"Bubba Ho-Tep" Deal; VisionFest Hits the Intrepid, An Ozon Sighting and More
by Wendy Mitchell
DISTRO DEALS: Vitagraph Films, the distro arm of American Cinematheque, has picked up theatrical rights to Don Coscarelli's "Bubba Ho-Tep," which stars Bruce Campbell as "a geriatric Elvis who rids his Texas nursing home of an Egyptian mummy with the aid of Ossie Davis." Well then. The flick will roll out nationally following a September opening in L.A. and New York. In other acquisition news, Picture This! Entertainment acquired all U.S. and Canadian DVD and home video rights to Francis Girod's "Gender Bias," which recently premiered at Frameline. The film is about a transsexual in Brussels who is suspected of murder. Pyramide S.A. released the film in France under the name "Mauvais Genre."
ISRAELI KICK OFF: Last night, the 19th Israel Film Festival opened with an awards ceremony honoring Milos Forman with the lifetime achievement award, along with First Run Features president Seymour Wishman with the visionary award. The gala was followed with a screening of Ilan Heitner's "Wisdom of the Pretzel." The fest will run through July 3 in New York (it previously ran in Chicago and L.A. and will hit Miami in November. For details on screenings and events, visit http://www.israelfilmfestival.com.
FILMS AFLOAT: VisionFest, launched in 2001 as the Guerrilla Film & Video Festival, has found a striking venue for its 2003 event, which will run June 25-29. The fest will host screenings at the Lutnick Theater on the USS Intrepid (the docked aircraft carrier/museum in New York City's Hudson River). VisionFest's program includes competition screenings, a Brian DePalma retrospective, and a tribute to late actor Richard Farnsworth. Five filmmakers (Larry Brand, Will Keenan, Roger Majkowski, Scott Saunders, and Lorna Thomas) are also participating in a DV project to shoot, edit, and complete a 5-minute narrative film. The opening night film is Eli Kabillio's documentary "Try to Remember: The Fantasticks," about New York's longest-running musical. VisionFest will also feature two panel discussions, June 28's "I've Made My Film, Now What Do I Do?" and June 29's "So Shoot Me, I'm An Actor." For details on the festival, visit www.domanivision.org.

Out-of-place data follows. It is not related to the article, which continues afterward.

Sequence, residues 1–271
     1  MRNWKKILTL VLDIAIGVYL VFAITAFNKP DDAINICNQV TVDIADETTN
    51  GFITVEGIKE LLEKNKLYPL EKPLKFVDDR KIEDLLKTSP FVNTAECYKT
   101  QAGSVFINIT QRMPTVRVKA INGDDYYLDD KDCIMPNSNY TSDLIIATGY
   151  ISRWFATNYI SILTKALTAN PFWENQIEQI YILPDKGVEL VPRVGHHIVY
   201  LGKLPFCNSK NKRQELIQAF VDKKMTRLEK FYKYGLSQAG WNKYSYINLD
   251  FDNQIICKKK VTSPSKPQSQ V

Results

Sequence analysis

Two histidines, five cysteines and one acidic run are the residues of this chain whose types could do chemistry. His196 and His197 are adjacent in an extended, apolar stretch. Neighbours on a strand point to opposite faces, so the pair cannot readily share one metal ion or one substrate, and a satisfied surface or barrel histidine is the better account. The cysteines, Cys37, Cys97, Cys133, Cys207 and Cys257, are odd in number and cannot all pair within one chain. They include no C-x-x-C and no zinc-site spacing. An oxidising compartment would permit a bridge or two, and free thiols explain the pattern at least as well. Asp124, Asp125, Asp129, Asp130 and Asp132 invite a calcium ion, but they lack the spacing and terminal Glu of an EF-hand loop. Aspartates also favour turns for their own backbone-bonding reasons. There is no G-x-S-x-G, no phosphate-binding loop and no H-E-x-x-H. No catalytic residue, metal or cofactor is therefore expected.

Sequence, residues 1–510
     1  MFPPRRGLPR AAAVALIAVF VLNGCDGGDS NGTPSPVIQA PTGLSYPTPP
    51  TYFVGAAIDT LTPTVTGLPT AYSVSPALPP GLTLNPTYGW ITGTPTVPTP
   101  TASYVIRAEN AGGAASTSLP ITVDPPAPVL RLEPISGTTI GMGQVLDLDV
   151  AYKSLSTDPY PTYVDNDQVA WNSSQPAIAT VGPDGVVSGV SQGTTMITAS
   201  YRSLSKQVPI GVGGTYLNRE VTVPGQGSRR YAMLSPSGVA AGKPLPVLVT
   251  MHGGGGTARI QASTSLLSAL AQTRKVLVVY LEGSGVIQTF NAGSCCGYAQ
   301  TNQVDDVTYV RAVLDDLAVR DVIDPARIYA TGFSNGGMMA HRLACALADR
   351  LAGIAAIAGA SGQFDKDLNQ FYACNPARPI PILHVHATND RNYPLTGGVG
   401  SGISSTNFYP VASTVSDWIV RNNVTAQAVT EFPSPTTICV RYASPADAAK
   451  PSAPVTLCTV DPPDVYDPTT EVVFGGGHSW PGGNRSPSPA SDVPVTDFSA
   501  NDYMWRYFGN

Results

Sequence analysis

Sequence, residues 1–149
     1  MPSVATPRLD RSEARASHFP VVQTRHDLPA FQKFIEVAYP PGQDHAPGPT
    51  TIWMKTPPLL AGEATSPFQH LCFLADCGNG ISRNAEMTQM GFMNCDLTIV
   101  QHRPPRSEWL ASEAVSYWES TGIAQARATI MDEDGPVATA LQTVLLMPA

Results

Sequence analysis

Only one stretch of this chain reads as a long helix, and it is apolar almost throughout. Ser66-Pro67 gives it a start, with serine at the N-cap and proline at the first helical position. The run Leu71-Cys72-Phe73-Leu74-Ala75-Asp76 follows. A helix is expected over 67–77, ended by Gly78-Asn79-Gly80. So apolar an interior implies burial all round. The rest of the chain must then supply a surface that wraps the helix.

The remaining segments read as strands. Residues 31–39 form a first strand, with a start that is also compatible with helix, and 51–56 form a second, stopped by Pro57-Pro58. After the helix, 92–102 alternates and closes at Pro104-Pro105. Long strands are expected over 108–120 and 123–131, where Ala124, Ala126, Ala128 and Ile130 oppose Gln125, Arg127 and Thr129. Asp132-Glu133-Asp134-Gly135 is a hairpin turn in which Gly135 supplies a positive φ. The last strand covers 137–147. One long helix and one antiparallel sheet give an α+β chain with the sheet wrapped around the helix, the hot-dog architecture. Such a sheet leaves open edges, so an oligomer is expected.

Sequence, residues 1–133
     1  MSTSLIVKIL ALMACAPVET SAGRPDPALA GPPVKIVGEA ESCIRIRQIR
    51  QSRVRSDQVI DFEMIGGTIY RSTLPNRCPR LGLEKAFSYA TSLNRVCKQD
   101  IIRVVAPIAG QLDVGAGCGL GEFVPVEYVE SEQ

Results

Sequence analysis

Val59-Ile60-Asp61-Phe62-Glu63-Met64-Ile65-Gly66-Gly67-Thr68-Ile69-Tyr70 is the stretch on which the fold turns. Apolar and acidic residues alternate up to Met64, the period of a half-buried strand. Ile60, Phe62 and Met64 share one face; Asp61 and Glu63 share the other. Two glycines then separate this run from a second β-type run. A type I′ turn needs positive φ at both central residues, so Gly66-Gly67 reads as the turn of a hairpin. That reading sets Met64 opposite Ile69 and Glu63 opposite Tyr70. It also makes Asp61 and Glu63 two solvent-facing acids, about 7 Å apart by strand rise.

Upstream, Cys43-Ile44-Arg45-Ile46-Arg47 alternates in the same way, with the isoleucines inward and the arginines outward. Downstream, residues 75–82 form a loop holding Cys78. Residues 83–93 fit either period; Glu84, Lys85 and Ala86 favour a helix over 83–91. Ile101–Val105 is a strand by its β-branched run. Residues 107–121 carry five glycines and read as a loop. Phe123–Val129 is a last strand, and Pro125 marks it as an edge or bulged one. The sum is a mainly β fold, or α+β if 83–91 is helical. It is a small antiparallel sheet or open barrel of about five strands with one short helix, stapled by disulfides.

FIGHT THE POWER: indieWIRE contributor Brandon Judell is one of the esteemed panelists on this Sunday's Brunch in the City film panel. The brunch, from proper New York brunching hours of 1-4 p.m., will be held at Joe Franklin's restaurant, 713 Eighth Ave. This "Power Players" discussion will cover "how to market and publicize your indie film." Other than the charming Mr. Judell, panelists will include Natascha Bodemann of the French Film Office, doc producer Mitch Teplitsky, screenwriter Tony Spirdakis, New York Production Alliance exec director Sylvia Gail Kinnard, and Subway Cinema.com co-founder Grady Hendrix. For reservations, email BrunchintheCity@yahoo.com.
FLAHERTY FOCUS: This weekend, the Museum of Modern Art will present Witnessing the World: the Robert Flaherty Film Seminar at MoMA. The selections, ranging from doc to fiction to experimental videos, are picked from the annual Flaherty Film Seminar at Vassar College. This year's seminar focuses on social responsibility and political struggle, and will feature screenings from Tran Van Thuy, Tsuchimoto Noriaka, Avi Mograbi, and Franny Armstrong.
SPOTTED: Imagine our surprise when Francois Ozon showed up at BUZZ's very own birthday party on Monday. Poor man was completely culture-shocked at our choice in party venues: a divey Hell's Kitchen bar where trash was piled in heaps and a mouse was seen scurrying by the barstools. Not quite the same as the luxury he found in Cannes, where he just showed his new film, "Swimming Pool." His English-language film stars Charlotte Rampling and an all-grown-up Ludivine Sagnier. Focus Features opens it on July 3; Ozon was in New York this week to do advance press. Unfortunately for the male revelers at my birthday bash, Mademoiselle Ludivine didn't show up.